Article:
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Prom plans return for seniors and businesses

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Posted at 3:54 PM, Mar 11, 2021
and last updated 2021-03-11 18:10:24-05

CINCINNATI — This time last year, senior classes across the country heard the words canceled or postponed for almost every monumental senior event. Now that COVID-19 cases are decreasing and more people are getting vaccinated, schools in Ohio are allowed to have prom.

Not all schools have decided if or how they will celebrate this year, but Seton High School in West Price Hill has everything set in stone. School administrators dressed in '80s style prom dresses to give their seniors the good news on Friday.

“We had a hard time even getting the words out. We got so choked up,” said Kathy Allen Ciarla, president at Seton High School. “Looking out at our seniors in our theater in their masks and with these big eyes looking up at us. I think they knew what was coming.”

Ciarla said her daughter missed her senior prom last year. She said staff wanted to make sure more students didn't have to miss out this time around.

“These girls have worked so hard. We have been in-person all year and they have been so dedicated to their studies but they're missing out on so many of these amazing opportunities that are crucial for their development and for their socialization. They need these experiences,” Ciarla said.

In return, the students created a special poster to thank staff for making prom happen.

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Seton High School students created a special poster to thank staff for making prom happen.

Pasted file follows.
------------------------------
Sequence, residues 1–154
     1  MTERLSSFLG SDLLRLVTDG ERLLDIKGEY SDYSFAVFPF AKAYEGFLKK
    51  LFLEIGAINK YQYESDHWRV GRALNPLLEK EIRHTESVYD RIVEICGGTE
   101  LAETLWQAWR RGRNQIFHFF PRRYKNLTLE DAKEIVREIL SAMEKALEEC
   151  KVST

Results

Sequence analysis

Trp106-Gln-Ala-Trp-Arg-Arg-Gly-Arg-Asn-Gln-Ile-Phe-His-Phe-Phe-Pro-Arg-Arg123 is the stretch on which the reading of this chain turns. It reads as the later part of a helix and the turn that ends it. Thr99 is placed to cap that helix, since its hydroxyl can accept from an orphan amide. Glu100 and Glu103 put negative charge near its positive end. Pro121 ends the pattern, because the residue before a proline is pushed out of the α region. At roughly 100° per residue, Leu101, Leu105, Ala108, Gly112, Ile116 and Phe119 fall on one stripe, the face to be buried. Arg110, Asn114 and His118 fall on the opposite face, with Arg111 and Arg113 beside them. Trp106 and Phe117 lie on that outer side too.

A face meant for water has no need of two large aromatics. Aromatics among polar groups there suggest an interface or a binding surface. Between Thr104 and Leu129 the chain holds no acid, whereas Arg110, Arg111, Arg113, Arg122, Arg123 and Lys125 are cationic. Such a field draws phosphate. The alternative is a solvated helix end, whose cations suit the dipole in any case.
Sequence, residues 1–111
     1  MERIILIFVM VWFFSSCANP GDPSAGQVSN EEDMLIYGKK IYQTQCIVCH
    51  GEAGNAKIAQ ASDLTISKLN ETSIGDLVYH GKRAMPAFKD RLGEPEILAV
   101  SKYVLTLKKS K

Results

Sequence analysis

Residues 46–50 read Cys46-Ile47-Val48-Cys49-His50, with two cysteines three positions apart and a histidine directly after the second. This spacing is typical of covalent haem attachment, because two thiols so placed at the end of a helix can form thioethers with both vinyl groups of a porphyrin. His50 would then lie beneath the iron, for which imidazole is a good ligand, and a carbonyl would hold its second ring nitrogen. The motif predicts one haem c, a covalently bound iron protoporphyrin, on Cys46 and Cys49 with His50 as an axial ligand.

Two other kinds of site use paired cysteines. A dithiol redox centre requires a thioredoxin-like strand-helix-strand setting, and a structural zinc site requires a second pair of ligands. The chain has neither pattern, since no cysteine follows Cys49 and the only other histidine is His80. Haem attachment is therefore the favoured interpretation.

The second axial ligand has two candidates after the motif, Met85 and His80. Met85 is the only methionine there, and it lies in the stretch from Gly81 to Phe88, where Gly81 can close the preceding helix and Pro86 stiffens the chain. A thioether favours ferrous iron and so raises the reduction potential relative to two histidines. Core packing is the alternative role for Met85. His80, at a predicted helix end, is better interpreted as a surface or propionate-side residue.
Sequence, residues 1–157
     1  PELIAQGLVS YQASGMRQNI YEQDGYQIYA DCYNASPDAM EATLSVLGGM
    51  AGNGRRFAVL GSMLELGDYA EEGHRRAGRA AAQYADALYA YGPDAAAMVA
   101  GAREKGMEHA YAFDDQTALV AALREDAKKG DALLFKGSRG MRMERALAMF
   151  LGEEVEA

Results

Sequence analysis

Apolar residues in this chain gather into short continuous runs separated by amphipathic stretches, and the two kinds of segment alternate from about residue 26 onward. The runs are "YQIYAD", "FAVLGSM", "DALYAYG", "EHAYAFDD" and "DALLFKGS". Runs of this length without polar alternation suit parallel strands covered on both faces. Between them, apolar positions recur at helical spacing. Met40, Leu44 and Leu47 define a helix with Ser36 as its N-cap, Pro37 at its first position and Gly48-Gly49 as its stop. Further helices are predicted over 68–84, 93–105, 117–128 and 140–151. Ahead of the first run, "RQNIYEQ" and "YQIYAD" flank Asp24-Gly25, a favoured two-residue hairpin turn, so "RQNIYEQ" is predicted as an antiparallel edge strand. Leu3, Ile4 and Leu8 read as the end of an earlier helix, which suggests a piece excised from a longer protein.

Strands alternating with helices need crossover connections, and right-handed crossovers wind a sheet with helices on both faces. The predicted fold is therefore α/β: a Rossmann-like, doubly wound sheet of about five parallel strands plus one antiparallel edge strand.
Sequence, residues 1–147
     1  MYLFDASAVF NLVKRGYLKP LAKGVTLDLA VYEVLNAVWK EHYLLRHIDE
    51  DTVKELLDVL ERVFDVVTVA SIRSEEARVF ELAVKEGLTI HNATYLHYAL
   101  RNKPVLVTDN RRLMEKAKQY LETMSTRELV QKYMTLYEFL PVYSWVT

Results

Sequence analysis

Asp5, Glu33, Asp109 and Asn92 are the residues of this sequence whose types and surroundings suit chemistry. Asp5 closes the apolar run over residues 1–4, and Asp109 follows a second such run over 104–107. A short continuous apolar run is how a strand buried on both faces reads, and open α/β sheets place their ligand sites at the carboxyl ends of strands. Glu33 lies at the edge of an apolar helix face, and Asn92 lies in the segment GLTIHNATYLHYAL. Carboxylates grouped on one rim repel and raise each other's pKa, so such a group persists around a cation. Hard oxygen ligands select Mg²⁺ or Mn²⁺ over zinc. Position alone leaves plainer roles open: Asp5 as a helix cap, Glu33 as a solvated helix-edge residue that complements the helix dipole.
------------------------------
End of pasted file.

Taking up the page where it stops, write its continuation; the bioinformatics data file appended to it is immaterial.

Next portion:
But prom is more than just a meaningful experience for juniors and seniors. Sean Kelley is the manager at Mr. Tuxedo in Clifton Heights. He said his tuxedo rental business took a big hit in 2020.

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Sean Kelley is the manager at Mr. Tuxedo in Clifton Heights. He said his tuxedo rental business took a big hit in 2020.

“Last year there were not proms whatsoever,” Kelley said. “Proms are a big part of the business, so to be able to have even a part of it back is helpful.”

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Prom is more than just a meaningful high school experience. Sean Kelley is a manager at Mr. Tuxedo in Clifton Heights. He said his tuxedo rental business took a big hit in 2020.

Kelley said he's been calling schools across the area to ask about their plans for prom. Most are still deciding, including Cincinnati Public Schools.

“Something is better than nothing as far as I'm concerned,” Kelley said. “We're definitely looking forward to having the kids back in the store.”

Schools in Indiana and Kentucky are allowed to hold prom for students, but many are still weighing their options as the vaccine rollout continues in the Tri-State.